photo credit: Edward Farley
When the first lighthouse was built on the Truro Highlands in 1797, it was situated over 500 feet from the edge of a 125 feet high cliff. Inevitable erosion of the cliff from wind, tides and storms took place at a rate of at least three feet per year. By the early 1990s, the Highland Light stood just over a 100 feet from the edge. In 1990 alone, 40 feet were lost just north of Highland Light.
At that time, members of the Truro Historical Society began raising funds for the moving of the lighthouse. Gordon Russell, president of both the Truro Historical Society and the Save the Light Committee, estimated that he and other volunteers sent out 30,000 brochures and collected 140,000 signatures on a petition to save Highland Light. Locals and visitors alike made donations and bought t-shirts and other souvenirs, and the Truro Historical Society was able to raise over $150,000.
In 1996, $1 million in federal funds and $500,000 in state funds were added to what the Truro Historical Society was able to raise, and the 484-ton lighthouse was moved back 450 feet from its former location.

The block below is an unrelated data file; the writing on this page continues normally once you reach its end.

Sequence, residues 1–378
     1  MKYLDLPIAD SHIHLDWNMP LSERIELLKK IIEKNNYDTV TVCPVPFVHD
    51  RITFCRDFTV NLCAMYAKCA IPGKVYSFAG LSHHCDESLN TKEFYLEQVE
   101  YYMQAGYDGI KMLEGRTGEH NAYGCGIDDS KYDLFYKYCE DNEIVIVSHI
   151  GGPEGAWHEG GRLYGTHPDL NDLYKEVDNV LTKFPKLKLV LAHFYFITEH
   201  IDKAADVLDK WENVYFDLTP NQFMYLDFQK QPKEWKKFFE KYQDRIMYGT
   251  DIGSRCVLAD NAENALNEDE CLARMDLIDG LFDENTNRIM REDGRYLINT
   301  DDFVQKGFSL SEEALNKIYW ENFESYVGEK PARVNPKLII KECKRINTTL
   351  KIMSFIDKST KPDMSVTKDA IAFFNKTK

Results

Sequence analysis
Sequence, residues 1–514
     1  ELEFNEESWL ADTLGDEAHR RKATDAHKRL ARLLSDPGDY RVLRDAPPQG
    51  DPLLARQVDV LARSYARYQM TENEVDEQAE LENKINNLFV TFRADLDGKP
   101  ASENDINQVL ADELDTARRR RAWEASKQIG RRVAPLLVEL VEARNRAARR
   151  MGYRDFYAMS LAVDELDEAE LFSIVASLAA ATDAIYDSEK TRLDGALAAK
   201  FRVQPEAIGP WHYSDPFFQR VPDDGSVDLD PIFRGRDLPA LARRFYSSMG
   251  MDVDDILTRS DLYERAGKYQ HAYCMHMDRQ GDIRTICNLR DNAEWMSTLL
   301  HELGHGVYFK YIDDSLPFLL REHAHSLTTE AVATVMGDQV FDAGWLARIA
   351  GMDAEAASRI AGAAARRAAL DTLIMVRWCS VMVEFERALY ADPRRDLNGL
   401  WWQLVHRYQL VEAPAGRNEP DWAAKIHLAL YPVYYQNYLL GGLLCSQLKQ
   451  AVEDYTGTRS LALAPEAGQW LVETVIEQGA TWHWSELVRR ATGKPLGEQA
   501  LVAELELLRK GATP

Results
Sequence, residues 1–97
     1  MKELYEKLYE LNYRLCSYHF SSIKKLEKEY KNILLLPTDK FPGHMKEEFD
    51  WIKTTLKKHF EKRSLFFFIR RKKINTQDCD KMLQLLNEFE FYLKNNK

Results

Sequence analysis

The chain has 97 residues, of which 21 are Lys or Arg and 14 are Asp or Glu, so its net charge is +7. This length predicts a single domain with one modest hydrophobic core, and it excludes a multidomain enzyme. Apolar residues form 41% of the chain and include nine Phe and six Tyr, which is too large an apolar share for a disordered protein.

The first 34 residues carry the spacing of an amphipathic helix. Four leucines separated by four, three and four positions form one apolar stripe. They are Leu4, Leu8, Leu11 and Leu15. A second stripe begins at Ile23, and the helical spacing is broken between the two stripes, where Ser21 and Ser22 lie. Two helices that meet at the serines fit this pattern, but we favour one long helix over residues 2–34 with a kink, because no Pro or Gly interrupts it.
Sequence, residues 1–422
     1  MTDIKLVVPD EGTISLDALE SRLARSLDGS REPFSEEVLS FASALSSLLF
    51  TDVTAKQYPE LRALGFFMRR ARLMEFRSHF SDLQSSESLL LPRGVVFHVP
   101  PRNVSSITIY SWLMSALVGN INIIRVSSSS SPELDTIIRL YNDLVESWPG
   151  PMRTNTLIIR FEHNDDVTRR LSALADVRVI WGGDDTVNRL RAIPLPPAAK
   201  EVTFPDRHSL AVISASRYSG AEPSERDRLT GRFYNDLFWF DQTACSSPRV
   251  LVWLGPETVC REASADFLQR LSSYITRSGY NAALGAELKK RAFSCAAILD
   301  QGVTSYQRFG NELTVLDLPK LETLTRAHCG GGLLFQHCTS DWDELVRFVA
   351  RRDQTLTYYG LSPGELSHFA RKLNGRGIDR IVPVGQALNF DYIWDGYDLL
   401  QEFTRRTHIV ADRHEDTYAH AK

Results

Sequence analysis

Under the direction of International Chimney Corp of Buffalo, NY, with the help of subcontractor Expert House Moving of Maryland, the move got underway in June 1996. The foundation was excavated and four levels of criss-crossing beams were inserted beneath the tower. Using hydraulic jacks, the entire structure was lifted, mounted on rollers and set on rails. Thousands of visitors gathered to watch the move which took place over eighteen days. During the move, workers placed quarters on the beams. The whole process went so slowly that you could only tell that the lighthouse was moving by watching the coins on the rails.
Moving the Highland Light brought it closer to the Highland Links, Cape Cod’s oldest golf course. When a golf ball broke a pane in the lantern room, new unbreakable panes were installed.
On Sunday, November 3, 1996 Highland Light was relighted in its new location. Visitors toured the tower, the Highland Light Bagpipe Band performed in full regalia, and then Congressman Gerry Studds, an important proponent of the move, spoke to the enthusiastic crowd that had assembled to celebrate this historic event.
“While this light may not save lives,” said Studds, “it will inspire lives for a long time to come.”
This exhibition displays the Truro Historical Society’s collection about the historic move of the Highland Lighthouse in 1996.